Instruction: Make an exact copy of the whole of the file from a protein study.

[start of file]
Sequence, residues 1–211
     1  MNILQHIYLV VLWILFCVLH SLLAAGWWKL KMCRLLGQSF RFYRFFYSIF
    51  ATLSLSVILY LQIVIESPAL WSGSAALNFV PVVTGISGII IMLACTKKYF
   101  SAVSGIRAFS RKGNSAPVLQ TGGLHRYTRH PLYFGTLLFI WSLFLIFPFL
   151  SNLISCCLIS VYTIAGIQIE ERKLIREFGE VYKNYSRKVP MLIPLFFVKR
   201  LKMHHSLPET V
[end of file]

Sequence, residues 1–211
     1  MNILQHIYLV VLWILFCVLH SLLAAGWWKL KMCRLLGQSF RFYRFFYSIF
    51  ATLSLSVILY LQIVIESPAL WSGSAALNFV PVVTGISGII IMLACTKKYF
   101  SAVSGIRAFS RKGNSAPVLQ TGGLHRYTRH PLYFGTLLFI WSLFLIFPFL
   151  SNLISCCLIS VYTIAGIQIE ERKLIREFGE VYKNYSRKVP MLIPLFFVKR
   201  LKMHHSLPET V